concept

family relationships Quotes

100+ of the best book quotes about family relationships
01
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“Mostly I thought of Mama. And when I first sat here, with my three-year-old boy beside me and the baby in my arms, it was Mama’s face I saw, Mama’s voice I heard, like it was yesterday.”
Ann Rinaldi
author
A Break with Charity
book
Susanna English
Mama English
characters
memories
family relationships
mothers and daughters
concepts
02
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“He and Sonny hadn’t ever got on too well. And this was partly because Sonny was the apple of his father’s eye. It was because he loved Sonny so much and was frightened for him, that he was always fighting for him.”
03
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“I stare at the floor and I wonder. How did they tolerate me.”
04
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“Some people build fences to keep people out and other people build fences to keep people in. Rose wants to hold on to you all. She loves you.”
05
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“He saw clearly too his own futile isolation. He had not gone one step nearer the lives he had sought to approach nor bridged the restless shame and rancour that had divided him from mother and brother and sister. He felt that he was hardly of the one blood with them but stood to them rather in the mystical kinship of fosterage, fosterchild and fosterbrother.”
06
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“She’s my daughter, Rose. My own flesh and blood. I can’t deny her no more than I can deny them boys. . . . You and them boys is my family. You and them and this child is all I got in the world. So I guess what I’m saying is . . . I’d appreciate it if you’d help me take care of her.”
07
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“I gave everything I had to try and erase the doubt that you wasn’t the finest man in the world. And wherever you was going . . . I wanted to be there with you. Because you was my husband. Cause that’s the only way I was gonna survive as your wife.”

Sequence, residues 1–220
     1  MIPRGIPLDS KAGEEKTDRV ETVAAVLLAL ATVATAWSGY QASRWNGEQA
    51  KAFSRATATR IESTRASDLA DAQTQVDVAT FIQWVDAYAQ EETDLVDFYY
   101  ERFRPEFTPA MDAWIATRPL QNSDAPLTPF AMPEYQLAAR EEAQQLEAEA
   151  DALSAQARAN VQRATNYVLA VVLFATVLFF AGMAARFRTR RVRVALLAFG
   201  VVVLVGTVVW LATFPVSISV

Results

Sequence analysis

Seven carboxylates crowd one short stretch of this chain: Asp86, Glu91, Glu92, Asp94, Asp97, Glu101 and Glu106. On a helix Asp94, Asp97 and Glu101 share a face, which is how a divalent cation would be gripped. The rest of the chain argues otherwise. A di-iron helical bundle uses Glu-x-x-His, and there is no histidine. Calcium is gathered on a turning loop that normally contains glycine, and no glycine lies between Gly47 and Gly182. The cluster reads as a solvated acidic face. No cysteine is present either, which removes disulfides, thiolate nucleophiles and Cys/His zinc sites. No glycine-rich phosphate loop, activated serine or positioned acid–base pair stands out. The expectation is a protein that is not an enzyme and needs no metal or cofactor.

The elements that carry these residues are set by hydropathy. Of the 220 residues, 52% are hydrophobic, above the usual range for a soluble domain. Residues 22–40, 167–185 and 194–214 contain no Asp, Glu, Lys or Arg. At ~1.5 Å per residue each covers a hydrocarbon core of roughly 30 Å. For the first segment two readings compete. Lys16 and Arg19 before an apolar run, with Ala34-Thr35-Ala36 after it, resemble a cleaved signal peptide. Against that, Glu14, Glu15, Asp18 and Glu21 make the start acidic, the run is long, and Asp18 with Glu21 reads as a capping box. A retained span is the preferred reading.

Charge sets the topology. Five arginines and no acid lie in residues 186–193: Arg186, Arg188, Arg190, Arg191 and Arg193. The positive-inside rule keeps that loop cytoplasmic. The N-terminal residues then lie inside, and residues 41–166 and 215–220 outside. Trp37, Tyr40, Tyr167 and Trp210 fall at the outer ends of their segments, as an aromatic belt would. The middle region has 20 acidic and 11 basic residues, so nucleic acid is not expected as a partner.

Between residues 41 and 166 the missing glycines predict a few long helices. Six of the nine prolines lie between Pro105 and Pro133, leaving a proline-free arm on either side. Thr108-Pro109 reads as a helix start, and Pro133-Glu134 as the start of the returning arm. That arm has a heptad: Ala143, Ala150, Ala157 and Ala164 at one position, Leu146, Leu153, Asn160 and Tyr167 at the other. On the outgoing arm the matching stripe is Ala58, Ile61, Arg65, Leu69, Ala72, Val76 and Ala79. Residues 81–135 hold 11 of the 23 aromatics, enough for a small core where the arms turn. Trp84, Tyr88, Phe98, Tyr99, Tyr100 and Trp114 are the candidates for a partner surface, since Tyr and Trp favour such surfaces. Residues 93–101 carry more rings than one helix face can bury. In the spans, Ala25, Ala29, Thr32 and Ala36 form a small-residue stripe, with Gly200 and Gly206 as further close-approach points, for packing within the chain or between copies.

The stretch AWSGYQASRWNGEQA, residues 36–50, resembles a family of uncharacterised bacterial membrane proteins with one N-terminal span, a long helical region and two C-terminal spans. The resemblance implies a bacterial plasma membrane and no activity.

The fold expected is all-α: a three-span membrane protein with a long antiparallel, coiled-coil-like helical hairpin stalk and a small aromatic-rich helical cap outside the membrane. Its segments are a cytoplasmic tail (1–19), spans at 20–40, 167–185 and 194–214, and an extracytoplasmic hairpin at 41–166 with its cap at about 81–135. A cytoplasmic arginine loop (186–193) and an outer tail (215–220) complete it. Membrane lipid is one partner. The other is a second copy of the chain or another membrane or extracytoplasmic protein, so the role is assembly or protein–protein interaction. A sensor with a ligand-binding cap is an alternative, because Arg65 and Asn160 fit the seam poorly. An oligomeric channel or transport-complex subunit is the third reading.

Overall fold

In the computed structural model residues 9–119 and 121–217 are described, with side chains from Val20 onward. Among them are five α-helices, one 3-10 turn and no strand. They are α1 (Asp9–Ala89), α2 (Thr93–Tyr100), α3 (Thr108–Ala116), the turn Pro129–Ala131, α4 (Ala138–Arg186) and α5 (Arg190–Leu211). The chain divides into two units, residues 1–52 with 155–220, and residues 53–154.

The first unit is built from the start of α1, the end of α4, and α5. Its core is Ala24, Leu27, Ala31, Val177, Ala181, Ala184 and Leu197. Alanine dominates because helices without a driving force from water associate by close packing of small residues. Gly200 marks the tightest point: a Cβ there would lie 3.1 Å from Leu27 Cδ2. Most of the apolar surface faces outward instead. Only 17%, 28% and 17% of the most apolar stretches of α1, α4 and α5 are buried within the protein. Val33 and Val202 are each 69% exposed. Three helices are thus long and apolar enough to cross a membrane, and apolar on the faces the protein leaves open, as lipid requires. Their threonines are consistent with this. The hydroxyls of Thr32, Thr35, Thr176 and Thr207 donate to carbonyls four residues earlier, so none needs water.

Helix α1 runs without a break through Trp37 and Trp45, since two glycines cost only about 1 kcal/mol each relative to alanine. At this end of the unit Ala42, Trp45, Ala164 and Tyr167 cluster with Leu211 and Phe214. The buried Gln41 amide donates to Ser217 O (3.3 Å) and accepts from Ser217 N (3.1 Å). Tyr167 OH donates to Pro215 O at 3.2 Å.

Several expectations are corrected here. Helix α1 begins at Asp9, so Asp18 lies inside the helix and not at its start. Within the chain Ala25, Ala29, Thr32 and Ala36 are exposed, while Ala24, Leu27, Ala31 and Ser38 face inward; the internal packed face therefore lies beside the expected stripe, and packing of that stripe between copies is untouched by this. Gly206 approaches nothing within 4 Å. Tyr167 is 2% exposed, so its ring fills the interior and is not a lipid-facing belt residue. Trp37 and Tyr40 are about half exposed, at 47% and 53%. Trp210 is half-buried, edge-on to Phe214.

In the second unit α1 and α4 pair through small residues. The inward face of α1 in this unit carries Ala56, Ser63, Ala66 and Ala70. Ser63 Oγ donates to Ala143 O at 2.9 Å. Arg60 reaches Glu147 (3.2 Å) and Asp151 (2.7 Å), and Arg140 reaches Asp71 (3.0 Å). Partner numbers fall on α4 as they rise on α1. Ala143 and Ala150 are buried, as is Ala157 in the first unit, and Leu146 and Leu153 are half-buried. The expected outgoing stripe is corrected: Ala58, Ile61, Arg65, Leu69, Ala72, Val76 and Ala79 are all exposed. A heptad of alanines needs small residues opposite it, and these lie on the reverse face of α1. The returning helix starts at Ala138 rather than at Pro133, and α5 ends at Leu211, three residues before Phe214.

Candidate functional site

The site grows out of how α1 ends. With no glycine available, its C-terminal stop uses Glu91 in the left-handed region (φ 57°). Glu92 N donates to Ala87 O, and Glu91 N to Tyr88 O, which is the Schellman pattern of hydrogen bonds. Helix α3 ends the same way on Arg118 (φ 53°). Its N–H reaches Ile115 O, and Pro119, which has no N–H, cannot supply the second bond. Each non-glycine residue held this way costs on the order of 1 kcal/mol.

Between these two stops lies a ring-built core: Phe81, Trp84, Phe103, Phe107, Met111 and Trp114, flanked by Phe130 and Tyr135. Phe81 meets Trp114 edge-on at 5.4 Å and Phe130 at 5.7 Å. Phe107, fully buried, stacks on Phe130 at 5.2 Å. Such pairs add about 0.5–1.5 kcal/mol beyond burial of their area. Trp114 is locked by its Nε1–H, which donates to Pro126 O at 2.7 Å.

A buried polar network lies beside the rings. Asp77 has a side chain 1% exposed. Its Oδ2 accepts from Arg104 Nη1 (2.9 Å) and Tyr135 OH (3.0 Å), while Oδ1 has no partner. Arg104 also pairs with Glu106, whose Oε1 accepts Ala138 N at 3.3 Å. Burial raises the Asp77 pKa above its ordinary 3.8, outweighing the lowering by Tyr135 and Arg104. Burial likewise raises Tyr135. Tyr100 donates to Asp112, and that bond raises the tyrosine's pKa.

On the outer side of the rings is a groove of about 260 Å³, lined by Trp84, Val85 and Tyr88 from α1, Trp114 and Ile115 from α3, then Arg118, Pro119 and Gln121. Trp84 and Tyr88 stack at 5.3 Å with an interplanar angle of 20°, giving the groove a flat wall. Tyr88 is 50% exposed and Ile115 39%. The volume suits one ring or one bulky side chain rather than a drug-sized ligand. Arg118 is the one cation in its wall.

08
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“I took onto Raynell like she was all them babies I had wanted and never had. . . . Like I’d been blessed to relive a part of my life. And if the lord see fit to keep up my strength . . . I’m gonna do her just like your daddy did you . . . I’m gonna give her the best of what’s in me.”
09
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“You can’t visit the sins of the father upon the child.”
10
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“Sometimes I wish I hadn’t known my daddy. . . . But I’ll say this for him . . . he felt a responsibility toward us. Maybe he ain’t treated us the way I felt he should have . . . but without that responsibility he could have walked off and left us.”
11
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“I married your daddy and settled down to cooking his supper and keeping clean sheets on the bed. When your daddy walked through the house he was so big he filled it up. That was my first mistake. Not to make him leave some room for me. . . . But at that time I wanted that.”
12
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“It’s my responsibility! You understand that? A man got to take care of his family. You live in my house . . . sleep you behind on my bedclothes . . . fill you belly up with my food . . . cause you my son. You my flesh and blood. Not cause I like you! Cause it’s my duty to take care of you!”
13
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“Whatever was between you and your daddy . . . the time has come to put it aside. Just take it and set it over there on the shelf and forget about it. Disrespecting your daddy ain’t going to make you a man, Cory. You got to find a way to come to that on your own.”
14
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“aOh, I see . . . I don’t count here no more. You ain’t got to say excuse me to your daddy. All of a sudden you done got so grown that your daddy don’t count around here no more. . . . You done got so grown to where you gonna take over. . . . You gonna wear my pants.”
15
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“Alright . . . Mr. Death. See now . . . I’m gonna tell you what I’m gonna do. I’m gonna take and build me a fence around this yard. See? I’m gonna build me a fence around what belongs to me. And then I want you to stay on the other side. See?”
16
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“I cannot blame them, Catelyn thought. They do not know. And if they did, why should they care? They never knew my sons. Never watched Bran climb with their hearts in their throats, pride and terror so mingled they seemed as one, never heard him laugh, never smiled to see Rickon trying so fiercely to be like his older brothers.”
17
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In a vague way he understood that his father was in trouble and that this was the reason why he himself had not been sent back to Clongowes. For some time he had felt the slight change in his house; and those changes in what he had deemed unchangeable were so many slight shocks to his boyish conception of the world.